Is There a Better Way to Discuss White Privilege?

February 28, 2015 at 3:20 am 2 comments

I’ve previously discussed my problems with the term “privilege”. I think there are basic human rights that every person should have, regardless of gender/race/ethnicity/class et al. See: United Nations Declaration of Human Rights (discussion on the political status/significance of this document will be saved for another post) When one person is denied basic human rights and dignity, and another person is given those things without question due to a difference in what social category they belong to, then the second person is not so much “privileged” as being treated like a human being, whereas the first person is having their human rights denied- they are being oppressed.

Privilege on the other hand, is some type of social “bonus” you are given, on top of humane treatment. The usual connotation is that this privilege is conditional and can be taken away upon a person’s violation of laws or even non-legalized social norms of behavior. Many of us become familiar with the second case as children- when we are warned by parents or other authority that bad behavior will result in loss of the privilege to watch TV, go to recess, eat dessert and so forth. In a legal context, a driver’s license is a privilege that can be suspended if a driver violates traffic laws, does not pay tickets etc. Interestingly, while voting is generally seen as a right, it becomes a “privilege” once someone is convicted of a felony.

But in postmodern academic-activist social justice discourse- privilege is both basic humane treatment plus extra social bonuses that people get based on what social categories they belong to, due to the social, political and economic structures that are in place. But since, most of us are not sociologists, economists or historians we are going to have a pretty limited understanding of those structures. Imagine you are a white, heterosexual man with a high school education living in a small town in Iowa that is almost entirely white (though you think of them as German Lutherans and German Catholics)  consisting of mostly farmers, farmhands and shopkeepers. You think of yourself as nice, fair-minded person who treats everyone with respect, regardless of their gender or skin color. You are politically moderate, and vote in each election but aren’t very involved beyond that. You understand racism and sexism mostly as individual acts of discrimination and bigotry. But then you start hearing more and more about racism and sexism, as well as other isms that are less familiar, like ableism and homophobia. You thought many of those problems, were for the most part resolved in the past, and are upset to hear that they are arising again. Out of concern, you join an online anti-racism group, and quickly grow confused about what other people in the group are saying. They are using all these terms that are unfamiliar, like “micro-aggressions”, “gaslighting” and “intersectionality”. You try to look up what these words mean, but they only seem to lead to even more unfamiliar concepts. Meanwhile, some of your questions and comments that you thought were innocent and well-intended are met with accusations of “micro-aggressions” and “tone-policing”. Your attempts to explain yourself are met with people virtually yelling “Check your privilege!” You don’t think of yourself as that privileged, and that term brings to mind images of various Ivy League-credentialed Presidents and candidates. You’re definitely not like them! So you leave this group, shaking your head. You turn on the radio, and hear a voice complaining about “political correctness”, the assault on middle-class American family values, the farm economy and so forth. You start nodding.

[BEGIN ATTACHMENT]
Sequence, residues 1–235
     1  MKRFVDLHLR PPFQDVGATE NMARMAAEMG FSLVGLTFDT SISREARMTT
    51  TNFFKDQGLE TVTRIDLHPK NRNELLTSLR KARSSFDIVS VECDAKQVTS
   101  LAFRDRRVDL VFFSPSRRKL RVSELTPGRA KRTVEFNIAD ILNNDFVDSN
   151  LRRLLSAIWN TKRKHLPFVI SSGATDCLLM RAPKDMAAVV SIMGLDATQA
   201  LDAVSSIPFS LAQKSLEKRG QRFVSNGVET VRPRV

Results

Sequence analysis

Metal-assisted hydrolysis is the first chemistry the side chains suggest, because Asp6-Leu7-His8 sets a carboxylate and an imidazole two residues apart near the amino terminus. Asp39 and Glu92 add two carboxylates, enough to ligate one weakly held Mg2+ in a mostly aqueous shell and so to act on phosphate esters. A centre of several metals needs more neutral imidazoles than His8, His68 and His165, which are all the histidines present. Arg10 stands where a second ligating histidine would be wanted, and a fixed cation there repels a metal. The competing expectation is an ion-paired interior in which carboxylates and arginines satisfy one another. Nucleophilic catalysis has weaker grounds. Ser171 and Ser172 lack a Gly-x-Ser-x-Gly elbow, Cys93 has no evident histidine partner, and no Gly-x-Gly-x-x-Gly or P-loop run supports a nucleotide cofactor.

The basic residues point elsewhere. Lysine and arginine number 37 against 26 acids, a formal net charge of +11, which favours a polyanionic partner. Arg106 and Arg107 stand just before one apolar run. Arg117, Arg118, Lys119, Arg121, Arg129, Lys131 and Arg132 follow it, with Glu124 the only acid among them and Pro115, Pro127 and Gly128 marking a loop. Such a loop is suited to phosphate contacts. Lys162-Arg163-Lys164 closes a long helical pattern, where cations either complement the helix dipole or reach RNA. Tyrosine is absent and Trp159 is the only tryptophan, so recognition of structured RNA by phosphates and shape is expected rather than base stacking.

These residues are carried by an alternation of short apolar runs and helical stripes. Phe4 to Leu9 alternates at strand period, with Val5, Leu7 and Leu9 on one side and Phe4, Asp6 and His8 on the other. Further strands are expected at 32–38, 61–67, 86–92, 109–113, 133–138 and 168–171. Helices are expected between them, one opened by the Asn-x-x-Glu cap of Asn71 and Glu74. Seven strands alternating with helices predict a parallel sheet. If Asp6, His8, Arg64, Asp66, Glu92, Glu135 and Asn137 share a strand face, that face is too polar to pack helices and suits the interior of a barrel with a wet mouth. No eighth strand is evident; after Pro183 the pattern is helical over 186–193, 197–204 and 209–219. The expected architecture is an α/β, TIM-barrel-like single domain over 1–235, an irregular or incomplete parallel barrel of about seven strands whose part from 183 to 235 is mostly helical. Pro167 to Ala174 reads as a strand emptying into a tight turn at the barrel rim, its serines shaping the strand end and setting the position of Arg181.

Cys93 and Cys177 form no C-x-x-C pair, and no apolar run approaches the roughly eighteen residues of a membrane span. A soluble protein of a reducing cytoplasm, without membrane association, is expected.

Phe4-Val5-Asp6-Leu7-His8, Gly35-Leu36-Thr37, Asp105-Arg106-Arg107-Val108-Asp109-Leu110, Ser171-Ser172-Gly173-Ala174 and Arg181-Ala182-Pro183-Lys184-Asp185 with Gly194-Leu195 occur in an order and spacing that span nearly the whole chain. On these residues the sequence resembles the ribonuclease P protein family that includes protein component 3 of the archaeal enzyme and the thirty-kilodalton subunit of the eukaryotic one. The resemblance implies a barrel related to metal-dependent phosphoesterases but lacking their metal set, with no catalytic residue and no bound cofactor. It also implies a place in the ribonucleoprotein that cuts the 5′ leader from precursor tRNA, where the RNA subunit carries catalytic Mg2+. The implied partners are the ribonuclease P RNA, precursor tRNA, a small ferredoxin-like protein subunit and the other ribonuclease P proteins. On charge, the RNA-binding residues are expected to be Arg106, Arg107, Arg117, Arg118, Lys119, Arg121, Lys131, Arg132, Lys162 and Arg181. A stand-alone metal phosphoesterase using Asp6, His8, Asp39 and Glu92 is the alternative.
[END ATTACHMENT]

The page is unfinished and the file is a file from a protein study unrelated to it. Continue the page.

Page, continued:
*By the way, I am not specifically making fun of Iowa- I used to live there, and I got the “pig-farmer” jokes when I moved to Minnesota. I’ve also lived in Montana, Idaho and Kansas. This scenario is based on various failed conversations I’ve seen and participated in both in person and online between educated,  urban left-wing activists and people who are often less educated, from very white areas, and with more moderate or conservative political views. And Particularly in the Heathens United Against Racism group on Facebook. Good, well-meaning people, don’t get me wrong, but like I said there are huge communication problems and need to educate in *multiple directions*!

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2 Comments Add your own

  • 1. ubenmaat  |  March 2, 2015 at 10:44 pm

    I think the idea is that, in a society where many are treated inhumanely, being treated like a human being IS a privilege.

    Reply
  • 2. caelesti  |  March 6, 2015 at 4:00 am

    Exactly, but the people who take that treatment for granted don’t realize it, and when you talk about privilege to them, they often get mad thinking that you’re implying that they didn’t work hard to get where they are in life. Which is a big mis-understanding, but I’m trying to find ways of framing it differently.

    Reply

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